Microsoft accused Google yesterday of bypassing privacy protections in Internet Explorer, following accusations last week that Google was doing so in Apple’s Safari browser.
Dean Hachamovitch, corporate vice president for Internet Explorer, described how Microsoft believes Google is getting around IE privacy policies in a blog post.
IE by default blocks so-called third-party cookies unless a site presents to the browser a P3P Compact Policy Statement describing how the site will use the cookie and pledging not to track the user. P3P is a protocol that websites use to disclose details in a standard format about how they plan to use information collected from users. Browsers that support P3P can block cookies or allow them in compliance with user privacy preferences. Third party cookies are those dropped by domains other than the one in the user’s browser address bar.
“Technically, Google utilises a nuance in the P3P specification that has the effect of bypassing user preferences about cookies,” Hachamovitch wrote. “Google’s P3P policy is actually a statement that it is not a P3P policy. It’s intended for humans to read even though P3P policies are designed for browsers to ‘read’,” he said.
P3P-compliant browsers read Google’s policy as saying that the cookie won’t be used for tracking or any purpose, he said. “By sending this text, Google bypasses the cookie protection and enables its third-party cookies to be allowed rather than blocked,” he wrote.
Google did not reply to a request for comment on the blog post.
One researcher, however, suggested that Microsoft is also partly to blame. “Companies have discovered that they can lie in their P3P Compact Privacy Statements and nobody bothers to do anything about it,” said Lorrie Faith Cranor, an Associate Professor of Computer Science and of Engineering and Public Policy at Carnegie Mellon University. “Companies have also discovered that, due to a bug in IE, if they have an invalid privacy statement, IE will not block it.”
She said that Google is not alone in circumventing P3P and that this issue points to a larger problem in browser privacy. In fact, Facebook presents a P3P statement that reads: “Facebook does not have a P3P policy.” She said that that line is an invalid P3P privacy statement so it essentially turns off IE cookie blocking. “Thousands” of other sites have P3P privacy statements that don’t match their actual practices, she added.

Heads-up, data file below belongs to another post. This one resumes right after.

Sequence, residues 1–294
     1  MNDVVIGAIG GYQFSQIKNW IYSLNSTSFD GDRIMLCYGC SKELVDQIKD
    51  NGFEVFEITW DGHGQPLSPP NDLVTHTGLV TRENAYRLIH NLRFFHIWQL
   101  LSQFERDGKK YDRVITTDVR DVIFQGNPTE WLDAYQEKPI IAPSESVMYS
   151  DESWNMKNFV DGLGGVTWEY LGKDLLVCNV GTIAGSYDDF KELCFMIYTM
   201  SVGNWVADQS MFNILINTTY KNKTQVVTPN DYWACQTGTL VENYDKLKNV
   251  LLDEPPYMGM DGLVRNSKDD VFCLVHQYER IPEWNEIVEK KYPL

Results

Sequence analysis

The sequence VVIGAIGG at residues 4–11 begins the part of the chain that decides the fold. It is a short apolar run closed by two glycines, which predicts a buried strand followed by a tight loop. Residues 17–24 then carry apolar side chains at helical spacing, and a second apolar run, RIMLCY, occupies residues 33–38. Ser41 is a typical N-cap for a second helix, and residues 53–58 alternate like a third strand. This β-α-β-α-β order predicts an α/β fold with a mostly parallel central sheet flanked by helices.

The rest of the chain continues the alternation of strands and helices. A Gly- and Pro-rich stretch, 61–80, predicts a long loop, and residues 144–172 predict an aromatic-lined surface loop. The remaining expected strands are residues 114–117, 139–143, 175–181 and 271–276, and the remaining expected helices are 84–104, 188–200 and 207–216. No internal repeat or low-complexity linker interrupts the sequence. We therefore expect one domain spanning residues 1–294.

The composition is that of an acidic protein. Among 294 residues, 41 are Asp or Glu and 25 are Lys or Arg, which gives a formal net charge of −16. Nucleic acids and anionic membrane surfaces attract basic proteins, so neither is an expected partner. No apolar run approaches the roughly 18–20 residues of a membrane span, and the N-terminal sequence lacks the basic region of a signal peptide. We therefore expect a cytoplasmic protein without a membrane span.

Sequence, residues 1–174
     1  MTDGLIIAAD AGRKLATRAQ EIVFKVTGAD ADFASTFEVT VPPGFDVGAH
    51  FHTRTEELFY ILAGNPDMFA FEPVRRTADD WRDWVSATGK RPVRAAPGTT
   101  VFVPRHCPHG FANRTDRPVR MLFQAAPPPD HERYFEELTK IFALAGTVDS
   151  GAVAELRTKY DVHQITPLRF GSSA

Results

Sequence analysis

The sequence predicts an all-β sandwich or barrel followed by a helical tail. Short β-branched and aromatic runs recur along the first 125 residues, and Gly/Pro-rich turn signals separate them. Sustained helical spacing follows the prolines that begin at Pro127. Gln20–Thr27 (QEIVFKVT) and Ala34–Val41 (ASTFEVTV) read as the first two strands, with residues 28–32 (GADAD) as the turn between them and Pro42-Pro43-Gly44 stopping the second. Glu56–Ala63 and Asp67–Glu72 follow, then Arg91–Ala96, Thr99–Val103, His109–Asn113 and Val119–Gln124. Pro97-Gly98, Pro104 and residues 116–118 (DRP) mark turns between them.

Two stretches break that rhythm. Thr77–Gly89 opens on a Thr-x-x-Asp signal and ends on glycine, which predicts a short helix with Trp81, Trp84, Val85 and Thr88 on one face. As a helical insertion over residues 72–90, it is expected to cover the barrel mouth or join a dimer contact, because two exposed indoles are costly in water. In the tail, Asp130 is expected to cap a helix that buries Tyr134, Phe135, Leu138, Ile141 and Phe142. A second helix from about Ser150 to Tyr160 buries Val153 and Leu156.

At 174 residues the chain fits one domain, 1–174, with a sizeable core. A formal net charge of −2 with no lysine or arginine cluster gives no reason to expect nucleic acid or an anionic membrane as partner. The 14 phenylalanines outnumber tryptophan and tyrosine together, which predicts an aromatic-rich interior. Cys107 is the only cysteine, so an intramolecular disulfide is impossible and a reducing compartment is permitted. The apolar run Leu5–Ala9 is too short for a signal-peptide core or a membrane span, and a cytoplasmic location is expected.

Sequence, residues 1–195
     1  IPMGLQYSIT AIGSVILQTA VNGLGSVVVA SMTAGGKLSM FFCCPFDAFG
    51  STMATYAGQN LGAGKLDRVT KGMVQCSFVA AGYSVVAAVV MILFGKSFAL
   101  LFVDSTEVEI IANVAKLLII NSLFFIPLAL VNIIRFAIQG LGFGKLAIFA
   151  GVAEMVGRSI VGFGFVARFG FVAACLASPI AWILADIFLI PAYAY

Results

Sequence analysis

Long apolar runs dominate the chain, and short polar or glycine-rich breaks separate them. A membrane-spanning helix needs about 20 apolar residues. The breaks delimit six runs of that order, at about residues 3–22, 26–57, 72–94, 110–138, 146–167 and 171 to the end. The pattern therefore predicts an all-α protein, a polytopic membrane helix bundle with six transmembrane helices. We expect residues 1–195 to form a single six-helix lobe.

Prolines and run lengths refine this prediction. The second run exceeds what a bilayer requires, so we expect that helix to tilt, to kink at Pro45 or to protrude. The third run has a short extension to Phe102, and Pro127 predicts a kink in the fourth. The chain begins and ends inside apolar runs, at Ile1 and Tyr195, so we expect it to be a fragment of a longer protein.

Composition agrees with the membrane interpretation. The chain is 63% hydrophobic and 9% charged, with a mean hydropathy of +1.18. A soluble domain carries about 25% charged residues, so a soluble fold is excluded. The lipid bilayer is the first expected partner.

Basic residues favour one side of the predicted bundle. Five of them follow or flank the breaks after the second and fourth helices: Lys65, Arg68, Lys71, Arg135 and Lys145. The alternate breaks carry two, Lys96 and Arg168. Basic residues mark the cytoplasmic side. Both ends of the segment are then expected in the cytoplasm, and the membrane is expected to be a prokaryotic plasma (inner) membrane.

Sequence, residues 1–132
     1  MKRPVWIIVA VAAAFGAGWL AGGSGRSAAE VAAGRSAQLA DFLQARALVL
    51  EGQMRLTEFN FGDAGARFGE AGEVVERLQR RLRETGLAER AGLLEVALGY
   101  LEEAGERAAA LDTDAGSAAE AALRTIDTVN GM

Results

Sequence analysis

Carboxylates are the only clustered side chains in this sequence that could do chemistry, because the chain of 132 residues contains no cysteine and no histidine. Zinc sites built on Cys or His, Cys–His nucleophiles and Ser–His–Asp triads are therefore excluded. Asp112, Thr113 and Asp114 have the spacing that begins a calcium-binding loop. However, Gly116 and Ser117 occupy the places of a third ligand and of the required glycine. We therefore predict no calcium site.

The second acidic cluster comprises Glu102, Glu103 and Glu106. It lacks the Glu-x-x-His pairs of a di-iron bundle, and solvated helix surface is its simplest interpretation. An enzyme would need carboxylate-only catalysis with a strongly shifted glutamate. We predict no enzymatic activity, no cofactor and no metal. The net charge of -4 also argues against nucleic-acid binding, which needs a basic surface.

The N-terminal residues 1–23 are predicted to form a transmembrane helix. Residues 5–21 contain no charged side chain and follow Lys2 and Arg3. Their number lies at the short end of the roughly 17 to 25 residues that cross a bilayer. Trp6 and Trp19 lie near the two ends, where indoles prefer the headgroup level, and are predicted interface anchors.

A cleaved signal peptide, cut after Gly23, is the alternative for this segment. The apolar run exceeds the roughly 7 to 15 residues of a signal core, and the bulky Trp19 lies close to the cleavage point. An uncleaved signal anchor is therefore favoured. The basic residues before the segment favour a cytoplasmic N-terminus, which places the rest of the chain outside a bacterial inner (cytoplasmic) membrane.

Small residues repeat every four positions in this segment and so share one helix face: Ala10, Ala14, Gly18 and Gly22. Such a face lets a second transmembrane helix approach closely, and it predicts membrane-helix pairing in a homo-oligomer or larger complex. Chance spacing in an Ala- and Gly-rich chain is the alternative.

Facebook did not reply to a request for comment about the allegation.
“The excuse everyone uses to justify this circumvention is that P3P is dead and IE breaks the cool things they want to do on their website, so therefore it is ok to circumvent browser privacy controls,” she said. Cranor chaired the P3P working group and acknowledged that the protocol is struggling. But she suggests that if the industry doesn’t like P3P, it should ask Microsoft to remove it from its browser. Or, the industry could also ask standards bodies to declare P3P dead.
“I suspect nobody wants to do that because it might call into question the effectiveness of industry self regulation on privacy,” she said.
Cranor reportedly alerted Microsoft back in 2010 to the potential for the kind of privacy breach it describes Google uses, according to the All About Microsoft blog.
Microsoft said it has asked Google to honor P3P privacy settings for users of all browsers, Hachamovitch said.
In addition, he noted that this issue does not impact users of a new privacy feature called Tracking Protection in IE 9.
Microsoft’s blog post yesterday follows an uproar last week following a Wall Street Journal article that charged Google with circumventing privacy policies in Safari, allowing it to track user movement across websites. The activity would allow Google to track users of iPhones and other devices that use Apple’s Safari browser.
Google said the story does not characterise what happens and why. It denied that it was tracking users but acknowledged that it inadvertently was dropping advertising cookies on users’ phones against their wishes.